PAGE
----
Cottonwood Canyon Road Fossils




N 37° 08.272' W 111° 53.963'

The above coordinates will get you pretty close to where the oyster beds are easiest to access. Turn off Highway 89 at mile mark 17 3/4 onto the Cottonwood Canyon Road. Go about 4 1/4 miles and find a place in the road that is wide enough to park without creating a safety hazard by blocking traffic too much. Seems the BLM allows you to enjoy the area hiking and exploring, but they don't want you to pull off the road to avoid creating a safety issue, so your only choice is to park on the road. The road gets a bit washboardy in some (most) areas, but a car can make it to this area just fine if the weather is dry.

This layer of fossilized shells is about 6 feet thick in this area and extends for miles in most directions. It is said that there are fossilized pearls mixed in with these shells, although we have never seen one. (Of course we didn't spend much time looking for them, either.)

Across the road from where you see the shells is that black/gray material that turns to a nasty clay when it rains. This is the material where we used to hunt for shark and skate teeth before it became a National Monument. If you walk in the area, you may see a few just laying on the surface. If they have a white appearance It means they have been exposed to the elements for quite sometime. If they are a shiny brown, then they have just recently been exposed.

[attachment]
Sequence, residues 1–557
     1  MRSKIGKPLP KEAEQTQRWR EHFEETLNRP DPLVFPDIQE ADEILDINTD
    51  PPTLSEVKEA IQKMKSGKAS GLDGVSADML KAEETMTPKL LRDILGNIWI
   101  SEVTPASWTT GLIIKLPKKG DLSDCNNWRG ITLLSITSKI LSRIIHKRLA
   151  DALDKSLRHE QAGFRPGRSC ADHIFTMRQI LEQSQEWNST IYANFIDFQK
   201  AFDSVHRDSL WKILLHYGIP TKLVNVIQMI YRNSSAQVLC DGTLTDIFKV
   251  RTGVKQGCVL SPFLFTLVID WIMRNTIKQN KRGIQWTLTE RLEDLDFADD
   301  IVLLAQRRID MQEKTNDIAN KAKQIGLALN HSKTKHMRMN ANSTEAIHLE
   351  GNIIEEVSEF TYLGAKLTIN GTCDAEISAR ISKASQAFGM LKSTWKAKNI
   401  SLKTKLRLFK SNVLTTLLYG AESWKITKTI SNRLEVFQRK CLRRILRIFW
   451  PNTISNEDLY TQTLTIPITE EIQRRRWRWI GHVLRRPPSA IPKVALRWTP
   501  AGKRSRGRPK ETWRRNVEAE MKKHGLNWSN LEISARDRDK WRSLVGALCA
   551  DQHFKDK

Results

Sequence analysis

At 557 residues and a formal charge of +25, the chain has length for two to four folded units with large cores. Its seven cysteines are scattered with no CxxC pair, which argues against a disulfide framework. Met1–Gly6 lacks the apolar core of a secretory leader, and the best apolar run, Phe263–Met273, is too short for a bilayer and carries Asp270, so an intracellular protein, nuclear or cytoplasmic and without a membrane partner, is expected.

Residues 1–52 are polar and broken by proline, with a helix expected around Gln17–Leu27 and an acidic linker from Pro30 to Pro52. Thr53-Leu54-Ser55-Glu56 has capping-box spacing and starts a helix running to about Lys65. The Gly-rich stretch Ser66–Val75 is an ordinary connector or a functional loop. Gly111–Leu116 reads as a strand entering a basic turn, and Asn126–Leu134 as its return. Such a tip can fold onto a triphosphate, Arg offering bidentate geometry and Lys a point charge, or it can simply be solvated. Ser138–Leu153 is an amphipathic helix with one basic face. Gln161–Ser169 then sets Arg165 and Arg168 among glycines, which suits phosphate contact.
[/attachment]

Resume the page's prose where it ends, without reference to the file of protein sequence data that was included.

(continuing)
Also when you are driving to this spot, watch the road for what appears to be layers of rocks in the road. You may want to stop and take a quick look to see the petrified shells you are driving over.



oyster shell fossils
Everything in the foreground is oyster shell fossils.


oyster shell fossils

oyster shells

oyster shells

oyster shells

oyster shells

 

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